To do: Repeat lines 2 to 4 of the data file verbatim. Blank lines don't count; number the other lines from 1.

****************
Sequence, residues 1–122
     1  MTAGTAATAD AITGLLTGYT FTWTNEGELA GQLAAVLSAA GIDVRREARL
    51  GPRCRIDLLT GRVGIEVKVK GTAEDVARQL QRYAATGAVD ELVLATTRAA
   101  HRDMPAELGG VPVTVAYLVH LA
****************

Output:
     1  MTAGTAATAD AITGLLTGYT FTWTNEGELA GQLAAVLSAA GIDVRREARL
    51  GPRCRIDLLT GRVGIEVKVK GTAEDVARQL QRYAATGAVD ELVLATTRAA
   101  HRDMPAELGG VPVTVAYLVH LA